DENVER (CBS4)– State lawmakers will be allowed to vote from home for the first time ever. The House and Senate passed a resolution changing the rules after hours of heated debate that included accusations of racism.
Under the new rule, lawmakers couldn’t participate in debates, only floor votes, and only during a public health emergency.
Democrats say it’s about protecting the health of lawmakers and voices of their constituents. Republicans say the job comes with risk and their constituents expect them to show up for it.
“It’s a shame that I had to drive across town, against my doctor’s orders to be here to speak up to ask for some compassion,” said Rep. Jevon Melton, who was home listening online as his colleagues debated the resolution when he heard something he felt compelled to respond to in person.
Rep. Richard Holtorf said, “What do you call it in the military? It’s an acronym: AWOL: Absent Without Leave. And I don’t think we should serve our country from home, you can’t do it in the military and I don’t think we should serve our state from home.”
Holtorf’s comments set off a firestorm.
Melton is one of three lawmakers who was absent. He says he’s recovering from pneumonia and acute heart failure, “The nonsense that I’m hearing in this chamber, I can’t help but go to work, being compared to an AWOL soldier.”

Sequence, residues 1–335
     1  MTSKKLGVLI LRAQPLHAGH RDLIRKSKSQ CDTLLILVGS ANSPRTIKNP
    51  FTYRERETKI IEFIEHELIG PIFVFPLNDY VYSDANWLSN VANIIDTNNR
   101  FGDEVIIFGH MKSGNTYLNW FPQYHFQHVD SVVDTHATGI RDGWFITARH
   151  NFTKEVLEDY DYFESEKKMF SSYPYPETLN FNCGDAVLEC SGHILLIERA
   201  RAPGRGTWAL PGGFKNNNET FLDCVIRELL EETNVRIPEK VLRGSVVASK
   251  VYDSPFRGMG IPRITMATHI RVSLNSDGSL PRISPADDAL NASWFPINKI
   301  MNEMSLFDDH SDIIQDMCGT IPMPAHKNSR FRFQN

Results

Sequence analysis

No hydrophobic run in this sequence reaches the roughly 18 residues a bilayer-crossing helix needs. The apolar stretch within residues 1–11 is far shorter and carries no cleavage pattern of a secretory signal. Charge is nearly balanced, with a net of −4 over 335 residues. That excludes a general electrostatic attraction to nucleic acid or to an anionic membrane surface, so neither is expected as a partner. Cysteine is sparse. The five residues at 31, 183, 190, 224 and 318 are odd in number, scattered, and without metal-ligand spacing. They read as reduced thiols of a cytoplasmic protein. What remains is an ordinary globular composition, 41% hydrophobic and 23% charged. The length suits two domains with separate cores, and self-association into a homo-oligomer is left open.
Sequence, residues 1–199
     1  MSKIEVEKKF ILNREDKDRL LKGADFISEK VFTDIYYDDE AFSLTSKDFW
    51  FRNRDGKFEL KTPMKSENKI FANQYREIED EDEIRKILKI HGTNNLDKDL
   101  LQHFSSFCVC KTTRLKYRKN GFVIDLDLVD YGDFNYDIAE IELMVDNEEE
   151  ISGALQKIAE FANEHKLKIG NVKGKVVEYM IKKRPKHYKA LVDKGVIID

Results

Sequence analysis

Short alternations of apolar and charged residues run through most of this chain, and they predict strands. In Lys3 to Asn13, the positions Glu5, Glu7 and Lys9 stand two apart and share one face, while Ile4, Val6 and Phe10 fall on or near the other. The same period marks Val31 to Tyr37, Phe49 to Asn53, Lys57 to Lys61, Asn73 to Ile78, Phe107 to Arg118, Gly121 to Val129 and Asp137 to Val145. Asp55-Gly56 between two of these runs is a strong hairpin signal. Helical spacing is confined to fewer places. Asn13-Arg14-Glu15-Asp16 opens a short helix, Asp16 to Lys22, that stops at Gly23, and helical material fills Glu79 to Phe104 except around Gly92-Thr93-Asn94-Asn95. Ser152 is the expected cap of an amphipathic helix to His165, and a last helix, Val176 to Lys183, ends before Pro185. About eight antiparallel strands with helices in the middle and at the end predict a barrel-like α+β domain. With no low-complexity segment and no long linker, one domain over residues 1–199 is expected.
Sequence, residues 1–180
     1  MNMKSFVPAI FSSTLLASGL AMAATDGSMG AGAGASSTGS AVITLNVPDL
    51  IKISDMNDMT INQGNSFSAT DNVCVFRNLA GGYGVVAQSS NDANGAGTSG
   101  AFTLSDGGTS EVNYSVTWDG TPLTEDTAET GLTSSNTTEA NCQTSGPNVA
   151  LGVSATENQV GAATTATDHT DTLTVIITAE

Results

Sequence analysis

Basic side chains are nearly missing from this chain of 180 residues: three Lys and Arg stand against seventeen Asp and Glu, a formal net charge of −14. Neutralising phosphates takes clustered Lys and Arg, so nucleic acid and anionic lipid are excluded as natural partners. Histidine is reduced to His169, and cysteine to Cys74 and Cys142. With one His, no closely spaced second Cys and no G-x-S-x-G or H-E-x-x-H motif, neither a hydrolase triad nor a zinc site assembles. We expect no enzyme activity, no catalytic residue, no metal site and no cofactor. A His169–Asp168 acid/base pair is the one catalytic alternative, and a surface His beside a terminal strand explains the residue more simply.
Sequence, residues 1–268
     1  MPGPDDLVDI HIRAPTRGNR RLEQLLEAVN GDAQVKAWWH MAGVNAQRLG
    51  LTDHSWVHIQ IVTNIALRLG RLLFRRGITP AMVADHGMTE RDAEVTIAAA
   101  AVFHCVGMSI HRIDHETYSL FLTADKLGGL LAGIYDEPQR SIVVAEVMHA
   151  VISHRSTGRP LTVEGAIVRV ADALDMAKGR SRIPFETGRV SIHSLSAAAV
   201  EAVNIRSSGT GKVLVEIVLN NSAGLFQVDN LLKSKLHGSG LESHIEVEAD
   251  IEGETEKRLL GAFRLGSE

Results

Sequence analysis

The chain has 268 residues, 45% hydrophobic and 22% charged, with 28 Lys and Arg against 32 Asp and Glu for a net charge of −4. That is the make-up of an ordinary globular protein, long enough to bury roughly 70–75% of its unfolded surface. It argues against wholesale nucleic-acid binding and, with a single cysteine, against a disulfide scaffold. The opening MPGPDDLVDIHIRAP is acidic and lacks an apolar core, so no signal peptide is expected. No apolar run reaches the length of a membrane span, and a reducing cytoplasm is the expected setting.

It escalated from there. All three absent lawmakers are African American, bringing charges of racism.
Holtorf insisted it wasn’t about racism, “This is larger than any one person or any one person’s specific circumstances. What we are doing here is in fact monumental and will have implications for years to come.”
Republicans said the public doesn’t get to participate remotely and neither should lawmakers.
Majority Leader Alec Garnett suggested that was a red herring, “I’ve been reaching out to the other side of the aisle for the last month-and-a-half to get this right. I’ve called, I’ve texted, I’ve called, I’ve texted… It’s temporary, this isn’t forever. Read the resolution!”
Republicans tried to amend the resolution to require a supermajority vote for it to pass, meaning it would have required Republican support. But Democrats said they’d been changing rules with a simple majority for more than 50 years. They also note that more than a dozen other states are already allowing remote testimony.
The resolution passed along party lines in both chambers.